What is it about?
A study of 1.53 billion tweets suggests the removing of “LOL” and other misleading words can improve well-being estimates and monitoring ability.
Photo by John-Mark Smith on Unsplash
Why is it important?
Social media posts can help us understand how people are adapting to and coping with the new normal. But our words are useful not just to understand what we – as individuals – think and feel. They’re also useful clues about the community we live in. Why is this so?
Read the Original
This page is a summary of: Estimating geographic subjective well-being from Twitter: A comparison of dictionary and data-driven language methods, Proceedings of the National Academy of Sciences, April 2020, Proceedings of the National Academy of Sciences, DOI: 10.1073/pnas.1906364117.
You can read the full text:
Data and language model
We've released the resources for this paper. Key highlights: county-level language features used for the analysis, and the best performing Life Satisfaction language model (trained on the Facebook data of survey respondents).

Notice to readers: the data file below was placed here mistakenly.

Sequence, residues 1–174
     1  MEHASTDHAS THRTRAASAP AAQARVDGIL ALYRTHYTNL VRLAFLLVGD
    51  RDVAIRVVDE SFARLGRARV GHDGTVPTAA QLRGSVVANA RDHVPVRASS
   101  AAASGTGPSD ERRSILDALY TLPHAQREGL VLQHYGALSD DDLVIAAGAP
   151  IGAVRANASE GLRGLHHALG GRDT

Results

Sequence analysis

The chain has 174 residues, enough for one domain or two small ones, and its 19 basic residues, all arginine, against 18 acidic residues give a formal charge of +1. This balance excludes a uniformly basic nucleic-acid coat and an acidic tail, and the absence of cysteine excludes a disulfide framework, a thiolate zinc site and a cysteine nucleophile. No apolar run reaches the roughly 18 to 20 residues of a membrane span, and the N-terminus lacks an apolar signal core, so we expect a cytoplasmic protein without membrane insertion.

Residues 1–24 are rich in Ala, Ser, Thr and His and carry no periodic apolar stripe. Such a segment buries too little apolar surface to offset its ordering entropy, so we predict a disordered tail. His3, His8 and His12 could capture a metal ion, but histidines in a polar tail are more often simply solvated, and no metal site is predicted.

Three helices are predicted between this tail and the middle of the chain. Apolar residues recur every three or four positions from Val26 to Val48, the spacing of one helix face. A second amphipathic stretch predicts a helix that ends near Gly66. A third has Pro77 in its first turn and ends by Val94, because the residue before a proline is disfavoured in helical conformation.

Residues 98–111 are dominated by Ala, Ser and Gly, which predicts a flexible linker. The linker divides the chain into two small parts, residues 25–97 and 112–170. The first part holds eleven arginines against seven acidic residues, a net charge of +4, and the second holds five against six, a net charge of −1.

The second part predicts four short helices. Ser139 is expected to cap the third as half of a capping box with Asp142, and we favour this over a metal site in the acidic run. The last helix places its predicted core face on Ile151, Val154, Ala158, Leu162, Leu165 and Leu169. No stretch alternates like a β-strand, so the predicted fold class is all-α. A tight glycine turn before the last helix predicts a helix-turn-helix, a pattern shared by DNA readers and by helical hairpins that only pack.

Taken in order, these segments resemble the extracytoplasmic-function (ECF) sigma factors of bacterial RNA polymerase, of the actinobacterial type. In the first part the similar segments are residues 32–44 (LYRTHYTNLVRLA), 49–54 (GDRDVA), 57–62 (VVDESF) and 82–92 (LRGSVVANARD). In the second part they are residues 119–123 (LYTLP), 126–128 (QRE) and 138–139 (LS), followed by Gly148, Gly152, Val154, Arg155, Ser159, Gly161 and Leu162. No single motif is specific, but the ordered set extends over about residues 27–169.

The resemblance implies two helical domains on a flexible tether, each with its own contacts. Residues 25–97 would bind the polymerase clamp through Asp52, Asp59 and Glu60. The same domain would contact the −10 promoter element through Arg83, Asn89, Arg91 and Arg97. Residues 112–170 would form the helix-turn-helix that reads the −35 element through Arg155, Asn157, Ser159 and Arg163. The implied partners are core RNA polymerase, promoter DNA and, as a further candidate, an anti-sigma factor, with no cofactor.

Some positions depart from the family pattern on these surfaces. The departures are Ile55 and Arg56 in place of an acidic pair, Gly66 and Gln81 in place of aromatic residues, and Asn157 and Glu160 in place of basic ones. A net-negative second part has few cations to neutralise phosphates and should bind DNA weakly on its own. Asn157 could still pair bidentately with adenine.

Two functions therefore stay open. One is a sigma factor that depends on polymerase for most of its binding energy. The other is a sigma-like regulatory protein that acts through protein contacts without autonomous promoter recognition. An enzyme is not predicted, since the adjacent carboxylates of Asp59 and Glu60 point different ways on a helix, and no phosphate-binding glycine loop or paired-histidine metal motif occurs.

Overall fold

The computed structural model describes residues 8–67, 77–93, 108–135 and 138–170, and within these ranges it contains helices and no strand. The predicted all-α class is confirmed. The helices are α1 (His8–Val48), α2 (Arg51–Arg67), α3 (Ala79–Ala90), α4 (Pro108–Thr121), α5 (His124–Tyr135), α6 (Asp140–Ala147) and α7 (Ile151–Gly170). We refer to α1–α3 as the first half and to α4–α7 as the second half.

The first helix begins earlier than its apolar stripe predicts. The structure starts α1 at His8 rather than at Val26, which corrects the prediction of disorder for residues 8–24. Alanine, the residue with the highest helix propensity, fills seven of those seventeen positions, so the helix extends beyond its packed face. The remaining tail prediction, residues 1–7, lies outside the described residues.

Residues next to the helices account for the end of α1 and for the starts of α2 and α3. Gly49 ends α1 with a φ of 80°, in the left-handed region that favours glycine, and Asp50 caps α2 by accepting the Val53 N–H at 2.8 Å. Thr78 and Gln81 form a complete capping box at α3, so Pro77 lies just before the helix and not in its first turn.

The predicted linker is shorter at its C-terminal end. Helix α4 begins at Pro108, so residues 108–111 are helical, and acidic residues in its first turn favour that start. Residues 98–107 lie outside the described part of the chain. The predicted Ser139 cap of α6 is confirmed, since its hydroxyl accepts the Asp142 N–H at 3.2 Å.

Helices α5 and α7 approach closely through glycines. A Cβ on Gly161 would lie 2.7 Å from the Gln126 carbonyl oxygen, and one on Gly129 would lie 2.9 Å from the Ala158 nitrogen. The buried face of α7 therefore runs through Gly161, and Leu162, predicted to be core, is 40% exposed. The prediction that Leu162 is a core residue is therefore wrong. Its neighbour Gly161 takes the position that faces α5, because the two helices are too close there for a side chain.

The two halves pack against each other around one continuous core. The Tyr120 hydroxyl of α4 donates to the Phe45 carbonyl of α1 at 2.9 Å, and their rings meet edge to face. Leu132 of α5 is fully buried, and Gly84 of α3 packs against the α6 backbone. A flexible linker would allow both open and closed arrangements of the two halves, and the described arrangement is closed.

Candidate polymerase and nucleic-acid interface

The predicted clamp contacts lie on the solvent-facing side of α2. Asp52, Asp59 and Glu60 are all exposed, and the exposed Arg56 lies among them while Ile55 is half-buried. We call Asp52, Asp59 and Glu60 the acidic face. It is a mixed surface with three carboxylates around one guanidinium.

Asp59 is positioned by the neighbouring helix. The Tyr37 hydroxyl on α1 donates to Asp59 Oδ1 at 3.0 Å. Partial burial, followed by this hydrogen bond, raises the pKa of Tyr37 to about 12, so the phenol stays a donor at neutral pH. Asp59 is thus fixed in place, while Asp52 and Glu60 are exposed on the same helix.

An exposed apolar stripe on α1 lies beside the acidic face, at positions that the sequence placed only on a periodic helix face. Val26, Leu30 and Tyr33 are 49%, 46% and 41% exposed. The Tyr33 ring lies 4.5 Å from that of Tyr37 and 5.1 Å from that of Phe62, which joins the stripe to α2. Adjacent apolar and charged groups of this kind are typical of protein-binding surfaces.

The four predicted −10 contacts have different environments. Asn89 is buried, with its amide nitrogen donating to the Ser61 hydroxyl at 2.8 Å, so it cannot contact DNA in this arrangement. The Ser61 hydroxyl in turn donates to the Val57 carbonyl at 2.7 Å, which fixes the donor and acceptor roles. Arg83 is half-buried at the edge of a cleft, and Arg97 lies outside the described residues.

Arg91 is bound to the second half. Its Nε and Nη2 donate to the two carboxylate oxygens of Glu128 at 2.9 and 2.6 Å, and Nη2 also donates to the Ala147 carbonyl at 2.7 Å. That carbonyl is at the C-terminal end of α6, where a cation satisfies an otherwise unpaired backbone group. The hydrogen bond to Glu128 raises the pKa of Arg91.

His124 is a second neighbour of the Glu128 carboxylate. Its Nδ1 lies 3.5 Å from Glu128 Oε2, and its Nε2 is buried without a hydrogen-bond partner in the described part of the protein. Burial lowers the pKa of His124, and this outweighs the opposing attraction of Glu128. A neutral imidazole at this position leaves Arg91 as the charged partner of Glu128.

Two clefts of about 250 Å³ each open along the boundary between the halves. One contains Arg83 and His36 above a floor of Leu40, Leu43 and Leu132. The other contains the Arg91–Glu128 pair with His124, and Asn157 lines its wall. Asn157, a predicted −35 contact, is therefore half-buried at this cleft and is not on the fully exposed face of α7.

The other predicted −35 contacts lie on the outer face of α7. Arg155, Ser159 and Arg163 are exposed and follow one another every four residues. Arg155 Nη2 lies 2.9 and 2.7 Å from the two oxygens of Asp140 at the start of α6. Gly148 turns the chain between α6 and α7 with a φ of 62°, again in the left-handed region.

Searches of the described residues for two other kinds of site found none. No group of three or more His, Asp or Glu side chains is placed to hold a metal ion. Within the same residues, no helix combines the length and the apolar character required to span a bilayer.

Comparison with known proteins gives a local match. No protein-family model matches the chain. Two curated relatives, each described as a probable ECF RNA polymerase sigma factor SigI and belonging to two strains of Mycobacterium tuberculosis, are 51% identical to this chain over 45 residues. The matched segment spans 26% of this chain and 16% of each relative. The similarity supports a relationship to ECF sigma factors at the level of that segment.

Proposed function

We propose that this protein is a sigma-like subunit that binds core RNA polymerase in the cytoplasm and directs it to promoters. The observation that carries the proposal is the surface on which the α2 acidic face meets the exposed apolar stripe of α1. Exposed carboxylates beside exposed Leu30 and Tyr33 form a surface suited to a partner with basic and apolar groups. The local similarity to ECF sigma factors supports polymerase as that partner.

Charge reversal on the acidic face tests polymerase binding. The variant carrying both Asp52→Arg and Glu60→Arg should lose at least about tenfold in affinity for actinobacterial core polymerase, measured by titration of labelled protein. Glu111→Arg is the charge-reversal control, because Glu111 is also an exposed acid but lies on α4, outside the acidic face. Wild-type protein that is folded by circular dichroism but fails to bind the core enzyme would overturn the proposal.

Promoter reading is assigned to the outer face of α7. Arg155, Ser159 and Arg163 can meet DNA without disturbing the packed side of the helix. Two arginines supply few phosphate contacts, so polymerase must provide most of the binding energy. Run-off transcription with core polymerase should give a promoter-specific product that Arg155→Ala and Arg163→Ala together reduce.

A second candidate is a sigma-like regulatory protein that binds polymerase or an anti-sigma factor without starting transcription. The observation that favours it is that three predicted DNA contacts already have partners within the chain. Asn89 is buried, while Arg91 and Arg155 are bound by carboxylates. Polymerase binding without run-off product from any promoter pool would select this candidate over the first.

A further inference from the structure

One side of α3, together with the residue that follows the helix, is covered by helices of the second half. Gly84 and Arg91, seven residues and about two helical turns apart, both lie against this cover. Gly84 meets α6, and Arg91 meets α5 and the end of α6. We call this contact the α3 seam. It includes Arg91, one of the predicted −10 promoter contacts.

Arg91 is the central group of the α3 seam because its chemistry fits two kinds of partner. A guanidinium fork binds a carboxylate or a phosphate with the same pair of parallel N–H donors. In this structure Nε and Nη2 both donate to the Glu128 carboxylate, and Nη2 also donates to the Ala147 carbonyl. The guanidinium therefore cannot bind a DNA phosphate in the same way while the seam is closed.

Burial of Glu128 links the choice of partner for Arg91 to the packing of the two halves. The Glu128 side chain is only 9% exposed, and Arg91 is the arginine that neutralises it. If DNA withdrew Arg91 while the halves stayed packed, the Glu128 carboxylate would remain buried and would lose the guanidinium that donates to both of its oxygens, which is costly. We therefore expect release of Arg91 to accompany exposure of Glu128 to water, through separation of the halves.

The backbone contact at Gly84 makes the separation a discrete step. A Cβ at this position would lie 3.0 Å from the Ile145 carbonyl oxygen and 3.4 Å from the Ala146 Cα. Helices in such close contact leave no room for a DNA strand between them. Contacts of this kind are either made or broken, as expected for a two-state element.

What do your tweets say about your happiness?
Article in Inverse magazine about our study
Improving the prediction of regional well-being from tweets
Featured Research in NUS News
Estimating geographic subjective well-being from Twitter: A comparison of dictionary and data-driven language methods
Open-access version of the study
Removing as few as three words ("lol", "love" and "good") from well-being measurements can improve regional estimates of well-being based on emotion measurements.
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